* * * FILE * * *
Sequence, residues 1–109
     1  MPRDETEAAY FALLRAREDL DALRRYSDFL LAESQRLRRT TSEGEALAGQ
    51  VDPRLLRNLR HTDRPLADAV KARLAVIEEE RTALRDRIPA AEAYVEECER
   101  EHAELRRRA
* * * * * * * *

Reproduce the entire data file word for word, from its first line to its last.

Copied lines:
Sequence, residues 1–109
     1  MPRDETEAAY FALLRAREDL DALRRYSDFL LAESQRLRRT TSEGEALAGQ
    51  VDPRLLRNLR HTDRPLADAV KARLAVIEEE RTALRDRIPA AEAYVEECER
   101  EHAELRRRA